Again he writes:

"Instead of with leaves from trees
He clothed them with glory in the water." (Hymns on the Epiphany 12:4)

"Among the saints their nakedness is clothed with glory,
none is clothed with leaves or stands ashamed,
for they have found, through our Lord,
the robe that belongs to Adam and Eve." (Hymns on Paradise 6:9)

Despite those of us interested in these kinds of parallelisms in early Christian tradition, what is more important is the application of this to our lives. Fr. Philip gives us key takeaways saying, "The question for each of us, then, is whether we are living in a way that is appropriate to our exalted identity as participants in this great banquet.  Do we act, think, speak, and believe in ways that fit with the beautiful garments Christ has given us?  Of course, He Himself is our garment for we have put Him on in baptism...We must not go around half naked spiritually or pretend that holiness concerns only one day of the week."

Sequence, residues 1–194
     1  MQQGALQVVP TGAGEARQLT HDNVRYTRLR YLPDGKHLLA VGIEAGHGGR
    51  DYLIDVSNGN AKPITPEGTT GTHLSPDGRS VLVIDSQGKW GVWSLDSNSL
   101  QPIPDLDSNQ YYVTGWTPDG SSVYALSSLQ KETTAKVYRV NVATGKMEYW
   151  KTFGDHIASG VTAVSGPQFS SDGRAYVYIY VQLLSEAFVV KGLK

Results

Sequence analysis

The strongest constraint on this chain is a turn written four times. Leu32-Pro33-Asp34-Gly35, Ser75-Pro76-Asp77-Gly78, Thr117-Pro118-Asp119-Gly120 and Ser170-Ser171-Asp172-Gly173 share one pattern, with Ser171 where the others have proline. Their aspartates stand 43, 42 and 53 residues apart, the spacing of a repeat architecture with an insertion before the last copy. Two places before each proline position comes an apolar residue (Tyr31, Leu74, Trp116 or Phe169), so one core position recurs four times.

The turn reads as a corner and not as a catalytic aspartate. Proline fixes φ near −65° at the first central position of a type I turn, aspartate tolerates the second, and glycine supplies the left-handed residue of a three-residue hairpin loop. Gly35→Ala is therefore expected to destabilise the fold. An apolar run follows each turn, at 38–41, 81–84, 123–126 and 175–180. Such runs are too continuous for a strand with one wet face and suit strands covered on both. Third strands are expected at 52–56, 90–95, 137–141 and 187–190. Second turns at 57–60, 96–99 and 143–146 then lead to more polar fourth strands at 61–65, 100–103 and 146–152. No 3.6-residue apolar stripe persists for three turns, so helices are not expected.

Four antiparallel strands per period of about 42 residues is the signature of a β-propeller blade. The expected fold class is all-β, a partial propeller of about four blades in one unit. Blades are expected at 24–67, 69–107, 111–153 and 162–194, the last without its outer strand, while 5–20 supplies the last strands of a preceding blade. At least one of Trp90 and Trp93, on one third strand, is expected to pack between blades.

We must not live as if we have not been baptized and have not put on the Robe of Glory. In the washing of the feet, Our Lord said, “He who has bathed does not need to wash, except for his feet, but he is clean all over; and you are clean, but not all of you.” (John 13:10). Our Lord was referring to repentance, but still, there are those who even though they have put on Christ at baptism, live as if they haven't, and therefore will not inherit Paradise, as their fall will be worse than the first. The one who was cast out of the wedding feast in the Gospel had a wedding garment given to him before the wedding, yet didn't wear it to the wedding. 

Let us all keep the glory, light, grace, righteousness, Christ Himself, we have put on so that we can be with Him at the wedding and enter into His wedding chamber.

Lord Jesus Christ Son of God, have mercy on me, the sinner.